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  • Writer's pictureSaleem Qamar Butt

How Far is Too Far


                Most people know they’ve gone too far when they break something that has a clear and undeniable negative impact on them, by which point it’s often too late. If one wants to avoid going-too-far as much as possible, step one is to realize that you, by yourself, can’t reliably stop yourself from going-too-far or even realize that you have gone too far. Step Two is to realize that you can’t stop going-too-far with self-improvement. You can’t logic yourself or research yourself or willpower yourself into not-going-too-far. What’s dangerously seductive about those tools is that, often, they do help—a little. And that can mislead you into believing that if you just apply them a bit harder—just an ounce more willpower—you’ll fix the problem. The problem is, you’re a primate with evolved mental limitations, biases, ego issues, and an impulse to conserve energy, including mental energy. Prejudices, biases, algorithms, and blindly trusting authority figures, while at times problematic, often helped people survive while running on autopilot. If one insists that he is above all that, he is bound to make things worse for himself, not better. The same is true for not realising as to “how much is too much”.

               

If we apply these queries on our personal and public lives; then we as individuals, families, groups, society and the government can avoid many troubles for the good of everyone. In personal lives, it applies to the accumulation of wealth, fame, luxuries, and exercise of authority, overindulgences, jealousy, greed, prejudices, unreasonableness and many more wrongs. And by the time one wakes up to reality by chance or by divine intervention, the world as well as the hereafter seems lost. The submission to Almighty Allah and the law of the land, institutional rules, societal and noble cultural norms we put in place to save us when we’re being stupid, can help us. In the modern world, there are scientific systems devised to control and put a check on human tendency to overdo, overstep or over speed; and when the systems are in place, we concede to them for common good.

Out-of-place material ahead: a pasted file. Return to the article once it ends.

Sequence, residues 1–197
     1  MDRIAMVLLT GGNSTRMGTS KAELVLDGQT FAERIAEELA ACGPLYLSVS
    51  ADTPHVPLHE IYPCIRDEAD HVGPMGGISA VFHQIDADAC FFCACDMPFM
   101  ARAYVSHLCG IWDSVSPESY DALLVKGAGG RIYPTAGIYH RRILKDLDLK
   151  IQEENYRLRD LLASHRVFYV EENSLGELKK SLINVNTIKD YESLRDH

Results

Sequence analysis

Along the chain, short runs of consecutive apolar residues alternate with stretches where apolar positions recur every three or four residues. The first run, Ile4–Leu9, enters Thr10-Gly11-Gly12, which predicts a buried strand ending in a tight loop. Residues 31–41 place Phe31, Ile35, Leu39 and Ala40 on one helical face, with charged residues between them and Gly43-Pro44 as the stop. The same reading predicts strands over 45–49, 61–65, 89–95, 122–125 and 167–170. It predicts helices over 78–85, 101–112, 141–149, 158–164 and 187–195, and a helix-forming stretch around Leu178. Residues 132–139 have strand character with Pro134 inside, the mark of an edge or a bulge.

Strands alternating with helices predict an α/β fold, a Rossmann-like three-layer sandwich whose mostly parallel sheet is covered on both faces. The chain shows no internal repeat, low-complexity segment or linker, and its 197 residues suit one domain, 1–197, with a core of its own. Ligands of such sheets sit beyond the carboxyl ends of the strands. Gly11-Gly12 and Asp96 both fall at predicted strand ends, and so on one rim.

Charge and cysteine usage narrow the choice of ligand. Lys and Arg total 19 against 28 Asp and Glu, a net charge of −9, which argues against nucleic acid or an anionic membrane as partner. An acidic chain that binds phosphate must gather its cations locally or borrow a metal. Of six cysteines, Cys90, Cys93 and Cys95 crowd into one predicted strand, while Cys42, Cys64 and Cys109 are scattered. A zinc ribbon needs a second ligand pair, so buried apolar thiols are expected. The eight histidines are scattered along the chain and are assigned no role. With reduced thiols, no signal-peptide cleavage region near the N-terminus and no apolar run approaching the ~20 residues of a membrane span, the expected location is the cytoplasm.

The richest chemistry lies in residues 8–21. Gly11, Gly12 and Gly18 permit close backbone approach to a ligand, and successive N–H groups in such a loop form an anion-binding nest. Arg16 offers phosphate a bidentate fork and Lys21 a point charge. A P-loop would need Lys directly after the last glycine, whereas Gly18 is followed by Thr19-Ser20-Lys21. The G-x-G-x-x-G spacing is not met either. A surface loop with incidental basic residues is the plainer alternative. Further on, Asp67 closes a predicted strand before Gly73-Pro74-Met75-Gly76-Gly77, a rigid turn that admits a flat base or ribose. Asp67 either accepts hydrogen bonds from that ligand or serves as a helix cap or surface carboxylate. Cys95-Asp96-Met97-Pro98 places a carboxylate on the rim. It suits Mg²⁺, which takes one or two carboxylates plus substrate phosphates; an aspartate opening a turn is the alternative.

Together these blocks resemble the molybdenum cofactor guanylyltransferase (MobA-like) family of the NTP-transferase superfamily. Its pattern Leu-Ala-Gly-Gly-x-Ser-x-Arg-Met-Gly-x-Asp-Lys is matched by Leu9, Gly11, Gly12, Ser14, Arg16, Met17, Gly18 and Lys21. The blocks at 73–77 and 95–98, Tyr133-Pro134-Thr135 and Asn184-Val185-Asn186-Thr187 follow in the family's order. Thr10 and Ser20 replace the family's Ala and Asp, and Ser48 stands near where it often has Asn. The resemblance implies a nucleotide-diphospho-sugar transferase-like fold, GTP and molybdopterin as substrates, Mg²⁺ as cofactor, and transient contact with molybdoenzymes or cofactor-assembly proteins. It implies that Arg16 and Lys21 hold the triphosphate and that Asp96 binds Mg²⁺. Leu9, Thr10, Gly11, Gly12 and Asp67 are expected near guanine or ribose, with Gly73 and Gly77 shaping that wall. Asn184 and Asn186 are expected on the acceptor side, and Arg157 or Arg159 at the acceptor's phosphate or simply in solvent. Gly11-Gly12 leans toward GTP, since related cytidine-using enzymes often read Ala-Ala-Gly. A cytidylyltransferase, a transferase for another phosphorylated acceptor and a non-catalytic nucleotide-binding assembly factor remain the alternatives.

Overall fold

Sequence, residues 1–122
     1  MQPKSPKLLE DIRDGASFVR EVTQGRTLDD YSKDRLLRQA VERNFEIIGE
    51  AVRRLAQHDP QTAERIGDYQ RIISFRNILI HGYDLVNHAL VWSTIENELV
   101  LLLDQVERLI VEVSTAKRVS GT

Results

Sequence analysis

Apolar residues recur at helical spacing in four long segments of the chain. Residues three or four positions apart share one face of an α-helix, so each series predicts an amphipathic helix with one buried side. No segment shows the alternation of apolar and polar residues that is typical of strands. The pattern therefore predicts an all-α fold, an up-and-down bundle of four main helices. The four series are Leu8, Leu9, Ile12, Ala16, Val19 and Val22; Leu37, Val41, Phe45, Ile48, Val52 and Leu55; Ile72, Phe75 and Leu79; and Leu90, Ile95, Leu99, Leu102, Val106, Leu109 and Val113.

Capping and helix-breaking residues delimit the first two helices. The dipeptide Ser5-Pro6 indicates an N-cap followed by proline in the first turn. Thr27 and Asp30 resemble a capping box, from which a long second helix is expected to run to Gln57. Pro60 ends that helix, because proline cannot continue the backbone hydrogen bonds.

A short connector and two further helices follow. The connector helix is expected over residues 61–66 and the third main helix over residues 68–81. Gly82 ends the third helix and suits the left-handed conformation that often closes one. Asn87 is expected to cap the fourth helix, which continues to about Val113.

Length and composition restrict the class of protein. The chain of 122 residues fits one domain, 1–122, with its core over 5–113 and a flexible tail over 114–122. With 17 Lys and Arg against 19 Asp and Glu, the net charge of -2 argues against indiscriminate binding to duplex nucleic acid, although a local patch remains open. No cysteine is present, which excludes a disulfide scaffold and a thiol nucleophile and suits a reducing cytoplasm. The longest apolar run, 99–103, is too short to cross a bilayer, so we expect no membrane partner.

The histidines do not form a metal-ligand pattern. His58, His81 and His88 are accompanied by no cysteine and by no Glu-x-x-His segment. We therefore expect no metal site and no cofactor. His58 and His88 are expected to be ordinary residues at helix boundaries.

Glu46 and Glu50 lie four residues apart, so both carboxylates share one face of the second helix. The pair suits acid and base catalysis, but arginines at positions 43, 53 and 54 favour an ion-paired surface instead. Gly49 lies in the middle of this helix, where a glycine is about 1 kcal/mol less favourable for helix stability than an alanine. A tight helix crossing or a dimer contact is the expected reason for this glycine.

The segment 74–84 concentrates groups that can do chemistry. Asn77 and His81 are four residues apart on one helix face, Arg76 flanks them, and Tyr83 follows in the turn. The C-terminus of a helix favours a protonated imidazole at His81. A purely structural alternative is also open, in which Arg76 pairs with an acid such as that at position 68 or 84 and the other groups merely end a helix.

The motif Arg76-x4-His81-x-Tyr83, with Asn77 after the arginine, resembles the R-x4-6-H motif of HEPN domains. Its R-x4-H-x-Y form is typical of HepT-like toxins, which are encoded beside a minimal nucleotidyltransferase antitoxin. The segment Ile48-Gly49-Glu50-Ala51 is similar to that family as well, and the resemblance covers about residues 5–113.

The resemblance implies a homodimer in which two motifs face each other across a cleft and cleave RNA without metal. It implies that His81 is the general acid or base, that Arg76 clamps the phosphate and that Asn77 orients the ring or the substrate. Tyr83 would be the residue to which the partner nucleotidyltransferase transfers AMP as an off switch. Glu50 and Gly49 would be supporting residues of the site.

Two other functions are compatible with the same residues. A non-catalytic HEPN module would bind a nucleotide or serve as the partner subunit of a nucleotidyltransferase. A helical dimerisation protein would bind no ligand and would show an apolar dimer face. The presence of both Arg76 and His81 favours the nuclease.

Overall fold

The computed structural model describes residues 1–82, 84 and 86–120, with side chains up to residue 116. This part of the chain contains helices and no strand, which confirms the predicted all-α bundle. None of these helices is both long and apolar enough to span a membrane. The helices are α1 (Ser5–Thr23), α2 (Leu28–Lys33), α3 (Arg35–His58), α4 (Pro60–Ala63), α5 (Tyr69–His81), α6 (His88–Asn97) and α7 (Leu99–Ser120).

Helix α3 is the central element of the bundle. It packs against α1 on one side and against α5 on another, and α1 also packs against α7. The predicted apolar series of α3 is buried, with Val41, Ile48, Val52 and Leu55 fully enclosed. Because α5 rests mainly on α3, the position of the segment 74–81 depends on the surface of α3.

When individuals learn to overcome this tendency of ‘going too far’ in pursuit of human ambitions, then the society and the governments can be expected to set the well-defined limits and boundaries that should make the governance more transparent, honest, efficient, public serving and welfare oriented than self-aggrandizement. It goes without saying that only the men and women of credible character and competence can make productive use of the available talent and the systems in a state for good governance; and that is what has mostly remained amiss in a crises stricken state like Pakistan. With due regards for the national short memory, just glance over the current situation in the country and then try to trace it back to the fundamental reasons for the prevalent commotion;  the missing character, incompetence, avaricious pursuits and ‘going too far’ in prodigality will emerge as the leading causes.

                On the political horizon, dominance of the same dynastic rulers with the unchanged fleet of slaves in the last five decades through unfair money and means that includes elections rigging, buying turncoats, bullying and burying political opponents, kidnapping, torture, misuse of the state machinery managed through systematic and well entrenched politicisation of the state institutions has remained order of the day with the public and the country in complete chaos. However, the rulers and the movers and shakers remain blind to the reality that they have already ‘gone too far’ and ‘done too much’, which can be sustained by a country without unmanageable mayhem. The political victimisation through incarceration of political workers and leadership, restricted freedom of expression by media control and interference with social media platforms only smack of an unhealthy society and a state indulging in morbid immoderations. Unfortunately, the absence of political maturity and magnanimity and the consequent crises of leadership have always remained operational in Pakistan; for the same two main reasons discussed above.